Thomas Greanias follows up Raising Atlantis with a top-flight thriller in The Atlantis Prophecy. Conrad Yeats and Serena Serghetti return for an adventure in which the fate of the world hangs in the balance. The plot revolves around the search for George Washington's celestial globes, and the conspiracy that the search uncovers.
The story begins with a prologue set during America's formative years. Greanias does a masterful job at painting a picture which entices the reader and sets the stage for the story without giving anything away. Too many adventure stories begin with a prologue "just because" and it is always nice to see one that actually contributes to the plot.
The story takes off from the outset, with mysterious markings on Yeats' father's gravestone at Arlington National Cemetery sparking the quest. With enemies at every turn, Yeats' adventure takes him to locales of national and historical significance, including the United States Capitol Building and the Library of Congress. As the mystery unfolds, the plot ties in to George Washington, the Masons, Atlantis, and the stars above. Yeats finds himself in a race to solve the mystery and foil a plot that will take place at the moment of a specific astronomical event.
There are some familiar plot devices – codes to be decrypted, and of course the Vatican connection that comes with the character of Serena Serghetti. Some will note similarities between The Atlantis Prophecy and the National Treasure movies, but this book is actually based on a short story Greanias wrote several years ago, prior to the release of said movies. Also, the similarities are superficial. The Atlantis Prophecy, though a fast, fun read, is a grittier, more complex tale.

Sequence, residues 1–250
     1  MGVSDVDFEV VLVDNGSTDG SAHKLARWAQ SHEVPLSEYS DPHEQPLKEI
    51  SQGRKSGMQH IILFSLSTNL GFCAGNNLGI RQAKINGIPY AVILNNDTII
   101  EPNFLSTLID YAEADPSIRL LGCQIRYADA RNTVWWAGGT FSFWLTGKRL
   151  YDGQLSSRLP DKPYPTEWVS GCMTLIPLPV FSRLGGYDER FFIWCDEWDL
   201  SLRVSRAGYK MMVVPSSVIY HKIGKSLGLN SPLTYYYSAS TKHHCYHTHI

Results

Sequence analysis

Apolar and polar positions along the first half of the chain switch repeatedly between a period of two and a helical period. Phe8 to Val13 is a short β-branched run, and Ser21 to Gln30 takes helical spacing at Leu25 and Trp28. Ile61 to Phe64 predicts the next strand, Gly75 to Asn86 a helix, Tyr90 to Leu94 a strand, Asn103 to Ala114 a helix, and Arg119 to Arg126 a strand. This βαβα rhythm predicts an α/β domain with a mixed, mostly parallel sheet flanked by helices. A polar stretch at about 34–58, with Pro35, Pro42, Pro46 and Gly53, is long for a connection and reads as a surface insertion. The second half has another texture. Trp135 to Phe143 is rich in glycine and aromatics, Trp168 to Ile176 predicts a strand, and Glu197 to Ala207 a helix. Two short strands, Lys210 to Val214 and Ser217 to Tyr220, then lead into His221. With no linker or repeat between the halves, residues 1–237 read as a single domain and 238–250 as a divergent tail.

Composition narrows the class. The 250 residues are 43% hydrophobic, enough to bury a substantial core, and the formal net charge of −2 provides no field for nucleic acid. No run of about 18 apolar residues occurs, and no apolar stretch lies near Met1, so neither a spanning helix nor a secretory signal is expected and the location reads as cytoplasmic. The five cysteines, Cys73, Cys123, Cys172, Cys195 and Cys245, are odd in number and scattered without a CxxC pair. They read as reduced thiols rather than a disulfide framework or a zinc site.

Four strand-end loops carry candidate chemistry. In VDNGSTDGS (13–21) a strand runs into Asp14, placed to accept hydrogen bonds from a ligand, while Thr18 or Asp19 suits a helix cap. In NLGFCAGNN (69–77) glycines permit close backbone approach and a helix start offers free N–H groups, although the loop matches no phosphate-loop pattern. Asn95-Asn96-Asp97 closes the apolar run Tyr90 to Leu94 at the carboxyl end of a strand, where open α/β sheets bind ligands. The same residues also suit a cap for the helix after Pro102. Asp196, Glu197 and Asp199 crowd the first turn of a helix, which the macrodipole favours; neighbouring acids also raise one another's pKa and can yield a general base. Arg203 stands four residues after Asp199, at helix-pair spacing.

Greanias does a masterful job of doling out bits of mystery and history without affecting the pacing of the plot. There are no big info dumps, and the action takes precedence. There are some well-crafted twists and surprises, and a couple of well-developed secondary characters: something that was missing from Raising Atlantis. Yeats has grown tougher and more resourceful, albeit jaded from the various losses he has suffered in his life.
Areas of relative weakness are few. The relationship between Yeats and Serghetti is tough to hold on to. We know that they have feelings for one another, and that circumstances and past history color their present relationship. What we don't get is any depth of development. Why do they care so deeply for one another? What makes these two click as a pair? This aspect could stand a deeper exploration.
Overall, The Atlantis Prophecy is a major leap forward for Greanias, and stands head-and-shoulders above Raising Atlantis. Recommended for fans action and conspiracy thrillers.